In 1947, Grand Master Shoshin Nagamine officially founded the style known as Matsubayashi Shorin-Ryu karate. The style’s lineage traces from Chinese Gung-Fu to the original Okinawan karate, according to Patrick McCarthy of the International Ryukyu Karate Research Society. This “original” Okinawan karate then developed into Te. Te grew and divided into Naha-Te, Shuri-Te and Tomari-Te. Shuri-Te (sometimes known as shorin-ryu) divided further into four major styles: Kobayashi-Ryu (founded by Chosin Chibana), Matsubayashi-Ryu (founded by Shoshin Nagamine), Shobayashi-Ryu (founded by Chotoku Kyan) and Matsumura orthodox (founded by Hohan Soken). In 1936 the Okinawan masters met and adopted the term “karate” or “open-hand” to replace the earlier term of Tote (abbreviated to Te) which meant “Chinese Hand”. They felt the new term, karate, better reflected the art’s unique Okinawan development.
Following World War II Nagamine Sensei encountered a book by Gichin Funakoshi, entitled Introduction to Karate. In his book Essence of Okinawan Karate Grandmaster Nagamine states that it was this book that helped him make up his mind to pursue karate as a life’s ambition. It is easy to imagine that Nagamine Sensei’s service as an infantryman in China in 1928 may have also influenced his development of the Matsubayashi-Ryu style.
Nagamine Sensei opened his first dojo in 1947 and named it the Matsubayashi-Ryu Kododan Karate and Ancient Martial Arts Studies. The term Matsubayashi comes from the Okinawan pronunciation of the characters for Pine Forest. Matsu means pine and the word forest translates to Hayashi. When the two are placed together, Hayashi is pronounced as Bayashi, making it Matsubayashi. The term Shorin-Ryucomes from the Shaolin Buddhist Temple in China. Shorin means Shaolin and Ryu roughly translates to style or system. More literally, Ryu can mean river, which Nagamine Sensei felt reflected his view that the art of karate, and specifically Matsubayashi-Ryu, is a living, flowing thing.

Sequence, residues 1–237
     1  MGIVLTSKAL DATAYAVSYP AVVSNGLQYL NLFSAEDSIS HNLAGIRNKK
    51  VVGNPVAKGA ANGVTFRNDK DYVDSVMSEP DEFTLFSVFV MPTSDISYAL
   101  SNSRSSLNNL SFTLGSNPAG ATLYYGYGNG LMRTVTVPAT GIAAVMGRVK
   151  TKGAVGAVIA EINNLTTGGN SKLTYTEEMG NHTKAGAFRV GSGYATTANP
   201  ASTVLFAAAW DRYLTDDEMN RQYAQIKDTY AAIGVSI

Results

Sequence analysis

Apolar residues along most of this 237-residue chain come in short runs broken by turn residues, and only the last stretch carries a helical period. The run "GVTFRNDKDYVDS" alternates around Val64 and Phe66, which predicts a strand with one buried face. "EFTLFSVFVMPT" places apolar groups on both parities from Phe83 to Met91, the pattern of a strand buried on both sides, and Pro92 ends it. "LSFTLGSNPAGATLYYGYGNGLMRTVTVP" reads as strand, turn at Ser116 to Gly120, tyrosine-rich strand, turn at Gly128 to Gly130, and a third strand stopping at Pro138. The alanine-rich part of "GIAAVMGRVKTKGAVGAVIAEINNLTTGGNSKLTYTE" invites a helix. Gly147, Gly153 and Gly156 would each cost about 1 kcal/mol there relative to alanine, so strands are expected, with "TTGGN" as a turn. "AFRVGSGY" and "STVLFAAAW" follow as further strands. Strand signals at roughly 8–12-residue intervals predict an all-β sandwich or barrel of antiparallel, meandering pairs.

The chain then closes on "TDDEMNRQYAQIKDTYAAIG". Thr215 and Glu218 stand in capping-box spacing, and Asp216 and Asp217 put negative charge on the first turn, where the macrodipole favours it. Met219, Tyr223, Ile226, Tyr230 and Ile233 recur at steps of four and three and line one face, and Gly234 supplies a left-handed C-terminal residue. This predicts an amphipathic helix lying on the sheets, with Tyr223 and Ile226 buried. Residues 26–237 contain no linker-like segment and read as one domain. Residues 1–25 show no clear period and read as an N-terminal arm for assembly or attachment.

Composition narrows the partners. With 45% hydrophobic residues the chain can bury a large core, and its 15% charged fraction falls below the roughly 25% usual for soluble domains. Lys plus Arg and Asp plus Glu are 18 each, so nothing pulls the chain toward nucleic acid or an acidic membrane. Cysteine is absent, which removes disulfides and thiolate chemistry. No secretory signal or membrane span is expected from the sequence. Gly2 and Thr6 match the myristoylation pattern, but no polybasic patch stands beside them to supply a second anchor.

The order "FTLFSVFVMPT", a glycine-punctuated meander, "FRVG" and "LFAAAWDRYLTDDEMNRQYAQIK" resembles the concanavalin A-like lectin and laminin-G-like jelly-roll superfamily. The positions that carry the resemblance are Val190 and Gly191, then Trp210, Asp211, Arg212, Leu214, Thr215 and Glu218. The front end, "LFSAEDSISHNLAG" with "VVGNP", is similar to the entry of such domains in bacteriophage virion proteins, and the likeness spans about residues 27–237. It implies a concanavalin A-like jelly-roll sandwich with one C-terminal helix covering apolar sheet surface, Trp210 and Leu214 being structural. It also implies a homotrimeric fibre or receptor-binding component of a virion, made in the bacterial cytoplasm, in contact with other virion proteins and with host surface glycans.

Nagamine Sensei also created the name “Matsubayashi” out of respect for two great Karatemen, Sokon “Bushi” Matsumura and Kosaku Matsumora, who, in turn, taught two of his most influential teachers, Chotoku Kyan and Choki Motobu. Also, Nagamine Sensei’s nickname growing up was “Gaajuu Maachuu” sometimes pronounced “Chippai Matsu”, which means “tenacious pine tree.”
In the years that followed it’s opening, Nagamine Sensei’s dojo grew in both fame and size. Soon selected nearby American servicemen began to train there.
In 1960 the United States was introduced to Matsubayashi-Ryu karate when James Wax, an ex-American serviceman and first American Black Belt in Matsubayashi-Ryu opened a Matsubayashi-Ryu dojo in Dayton, Ohio. Two years later, Nagamine Sensei dispatched a senior student, Ansei Ueshiro to the United States with the intent of firmly establishing Matsubayashi Shorin-Ryu karate in North America.
It was at Sensei Ueshiro’s dojo in NYC that Zenko Heshiki trained before going on to open the 72nd Street Dojo in Manhattan with Sensei Arthur Drago. Sensei Heshiki was born in Okinawa in 1938. His grandfather, Zensei, was a Karate sensei and student of Chomo Hanashiro, himself a student of Sokon Matsumura and Ankoh Itosu. Sensei Heshiki’s dojo prospered and at one time he had over 40 active black belts and over 200 students. It was not uncommon for so many students to show up for class that they could not all fit into his dojo.
It was there that Sensei Owen Masters began training in 1967. He went on to open his own dojo on 86th Street in NYC at the Gelabert Art Gallery. During the late 1990’s he began teaching at the Shorin-ji Bushido with Sensei Max Crevani.